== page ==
In the marine world, animal training has primarily been limited to marine mammals, though scientists have attempted to train other marine animals with limited success. including dolphins, seals, sea lions, walruses, and sea otters. Marine mammal trainers use positive reinforcement (e.g. operant conditioning) to train animals in their care. Educational shows, demonstrations, and/or interactive programs that showcase animals, their learned behaviors, and the trainers that work with them, allow the public to develop an understanding (and respect) for marine life. Marine mammal trainers may also teach behaviors to individual animals that make it safer and easier for veterinarians to collect medical samples, perform exams, and administer medications. Marine mammals can also be trained for military and/or research purposes.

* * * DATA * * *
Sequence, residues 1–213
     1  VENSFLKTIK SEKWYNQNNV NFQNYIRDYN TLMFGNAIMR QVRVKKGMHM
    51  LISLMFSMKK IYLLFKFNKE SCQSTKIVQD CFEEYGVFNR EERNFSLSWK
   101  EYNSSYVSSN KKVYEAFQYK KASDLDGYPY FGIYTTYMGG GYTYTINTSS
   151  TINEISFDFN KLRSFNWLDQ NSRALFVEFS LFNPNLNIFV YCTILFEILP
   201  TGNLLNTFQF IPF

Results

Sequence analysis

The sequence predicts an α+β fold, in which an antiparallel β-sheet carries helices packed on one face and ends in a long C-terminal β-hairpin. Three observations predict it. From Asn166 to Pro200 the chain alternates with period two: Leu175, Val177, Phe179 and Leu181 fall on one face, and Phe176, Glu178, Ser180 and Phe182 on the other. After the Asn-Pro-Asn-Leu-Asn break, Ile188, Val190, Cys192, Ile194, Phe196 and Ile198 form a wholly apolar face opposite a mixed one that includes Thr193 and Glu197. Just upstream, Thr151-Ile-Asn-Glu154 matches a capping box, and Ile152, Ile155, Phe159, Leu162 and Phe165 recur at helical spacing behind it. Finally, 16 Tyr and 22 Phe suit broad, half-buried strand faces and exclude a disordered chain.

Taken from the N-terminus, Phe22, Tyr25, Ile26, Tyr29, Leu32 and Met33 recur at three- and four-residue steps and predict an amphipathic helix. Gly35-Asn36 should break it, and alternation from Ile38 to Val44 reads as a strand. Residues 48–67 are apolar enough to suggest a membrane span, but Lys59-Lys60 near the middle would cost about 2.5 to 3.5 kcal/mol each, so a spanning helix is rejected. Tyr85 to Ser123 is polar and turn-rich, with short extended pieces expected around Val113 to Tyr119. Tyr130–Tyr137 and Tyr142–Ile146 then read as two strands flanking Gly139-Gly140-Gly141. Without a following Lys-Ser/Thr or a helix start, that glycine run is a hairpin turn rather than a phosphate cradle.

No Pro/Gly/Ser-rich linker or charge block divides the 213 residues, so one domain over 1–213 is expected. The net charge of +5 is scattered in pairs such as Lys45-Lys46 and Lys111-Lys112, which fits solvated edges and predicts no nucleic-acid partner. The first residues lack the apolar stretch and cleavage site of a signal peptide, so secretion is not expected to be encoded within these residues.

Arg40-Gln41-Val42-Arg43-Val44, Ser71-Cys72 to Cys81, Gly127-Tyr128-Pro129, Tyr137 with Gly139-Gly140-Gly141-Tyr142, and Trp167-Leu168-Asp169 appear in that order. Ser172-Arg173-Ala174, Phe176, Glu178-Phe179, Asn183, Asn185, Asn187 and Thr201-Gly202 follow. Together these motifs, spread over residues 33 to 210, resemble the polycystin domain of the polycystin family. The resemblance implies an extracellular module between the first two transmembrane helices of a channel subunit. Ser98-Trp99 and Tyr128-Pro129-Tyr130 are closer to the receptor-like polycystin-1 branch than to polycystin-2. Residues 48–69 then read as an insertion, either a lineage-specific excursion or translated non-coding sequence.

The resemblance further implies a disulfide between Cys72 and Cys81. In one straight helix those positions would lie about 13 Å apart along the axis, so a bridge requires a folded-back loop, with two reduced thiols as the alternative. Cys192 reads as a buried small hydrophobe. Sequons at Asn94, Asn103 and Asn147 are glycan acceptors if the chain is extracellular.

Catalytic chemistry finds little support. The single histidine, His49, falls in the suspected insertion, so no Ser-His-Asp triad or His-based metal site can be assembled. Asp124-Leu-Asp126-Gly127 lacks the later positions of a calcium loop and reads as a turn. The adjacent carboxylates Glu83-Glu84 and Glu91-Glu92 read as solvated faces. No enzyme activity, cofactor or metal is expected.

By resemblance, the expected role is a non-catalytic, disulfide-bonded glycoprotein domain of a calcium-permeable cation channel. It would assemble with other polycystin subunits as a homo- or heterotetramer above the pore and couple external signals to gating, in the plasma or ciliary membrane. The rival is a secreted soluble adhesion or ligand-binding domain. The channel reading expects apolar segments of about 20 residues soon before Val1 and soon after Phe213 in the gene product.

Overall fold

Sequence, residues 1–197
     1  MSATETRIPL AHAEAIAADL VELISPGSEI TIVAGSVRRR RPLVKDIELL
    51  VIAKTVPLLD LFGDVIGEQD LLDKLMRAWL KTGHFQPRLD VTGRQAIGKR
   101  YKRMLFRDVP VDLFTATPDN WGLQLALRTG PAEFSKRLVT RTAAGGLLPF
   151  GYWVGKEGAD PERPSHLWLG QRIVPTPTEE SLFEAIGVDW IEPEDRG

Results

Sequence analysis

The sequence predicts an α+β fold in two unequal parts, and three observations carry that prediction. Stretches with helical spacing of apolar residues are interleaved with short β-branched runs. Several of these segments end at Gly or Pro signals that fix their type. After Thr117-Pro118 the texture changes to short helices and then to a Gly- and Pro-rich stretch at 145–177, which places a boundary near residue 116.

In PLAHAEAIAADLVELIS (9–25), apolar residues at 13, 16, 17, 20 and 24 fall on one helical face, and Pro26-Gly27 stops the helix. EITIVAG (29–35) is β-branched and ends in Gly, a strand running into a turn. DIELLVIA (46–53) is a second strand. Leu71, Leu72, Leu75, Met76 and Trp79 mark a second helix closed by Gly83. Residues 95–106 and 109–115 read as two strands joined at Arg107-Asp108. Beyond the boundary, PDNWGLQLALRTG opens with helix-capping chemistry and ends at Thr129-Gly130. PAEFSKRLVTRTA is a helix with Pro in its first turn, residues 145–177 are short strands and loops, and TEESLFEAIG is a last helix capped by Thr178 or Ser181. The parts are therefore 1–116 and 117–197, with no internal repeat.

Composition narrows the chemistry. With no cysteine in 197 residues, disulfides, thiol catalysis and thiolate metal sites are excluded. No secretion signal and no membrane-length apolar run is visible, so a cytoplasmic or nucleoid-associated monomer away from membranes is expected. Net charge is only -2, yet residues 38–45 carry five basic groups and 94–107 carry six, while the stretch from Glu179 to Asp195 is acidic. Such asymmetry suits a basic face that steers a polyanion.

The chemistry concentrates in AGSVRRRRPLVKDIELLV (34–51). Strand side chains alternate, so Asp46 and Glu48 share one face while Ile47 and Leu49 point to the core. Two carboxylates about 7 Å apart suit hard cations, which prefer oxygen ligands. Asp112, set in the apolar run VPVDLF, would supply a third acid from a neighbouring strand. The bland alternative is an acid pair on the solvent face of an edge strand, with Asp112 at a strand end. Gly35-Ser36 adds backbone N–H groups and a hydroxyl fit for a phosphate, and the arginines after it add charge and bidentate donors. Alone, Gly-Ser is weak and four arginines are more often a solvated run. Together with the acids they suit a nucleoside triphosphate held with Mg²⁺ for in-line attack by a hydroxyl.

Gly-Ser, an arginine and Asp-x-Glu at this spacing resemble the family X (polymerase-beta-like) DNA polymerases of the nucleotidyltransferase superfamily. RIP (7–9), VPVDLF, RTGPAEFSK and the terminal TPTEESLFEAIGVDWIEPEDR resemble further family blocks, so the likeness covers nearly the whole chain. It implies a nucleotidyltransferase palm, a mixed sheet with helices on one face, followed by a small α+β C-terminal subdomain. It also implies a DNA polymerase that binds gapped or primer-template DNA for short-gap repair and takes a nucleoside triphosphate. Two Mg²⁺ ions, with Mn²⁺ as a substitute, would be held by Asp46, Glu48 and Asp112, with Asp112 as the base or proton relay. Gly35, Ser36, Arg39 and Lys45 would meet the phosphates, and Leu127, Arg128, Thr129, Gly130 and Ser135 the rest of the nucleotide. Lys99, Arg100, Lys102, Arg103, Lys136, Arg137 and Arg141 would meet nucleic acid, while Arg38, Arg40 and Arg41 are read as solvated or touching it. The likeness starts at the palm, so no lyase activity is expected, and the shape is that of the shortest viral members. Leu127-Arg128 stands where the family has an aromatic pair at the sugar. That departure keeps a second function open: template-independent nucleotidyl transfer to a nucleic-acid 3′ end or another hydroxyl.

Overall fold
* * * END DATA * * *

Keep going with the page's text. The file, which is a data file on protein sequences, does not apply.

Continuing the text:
Animal trainers are responsible for the physical and mental health of the animals in their care. It is important to note that a trainer usually does not spend their entire day interacting with their animals. Marine mammal trainers are responsible for feedings, pool maintenance, medical tests/animal health, recordkeeping, as well as ensuring that their animals have daily physical activity, mental enrichment, and social opportunities. Marine mammal trainers may work in aquaria, zoos, university research laboratories, industrial research centers, private companies, government research laboratories or marine stations. Since marine mammal trainers tend to be secure in their position and are close with the animals with which they work, job turnover is low. Once people take a job in this field, they tend to stay in their position for a long time. Additionally, relatively few new marine parks and aquaria open each year. Thus, marine mammal training is a very competitive field, requiring a great deal of patience and dedication. Often people work in other departments, such as education, operations, and/or maintenance, before transferring to a job in animal training.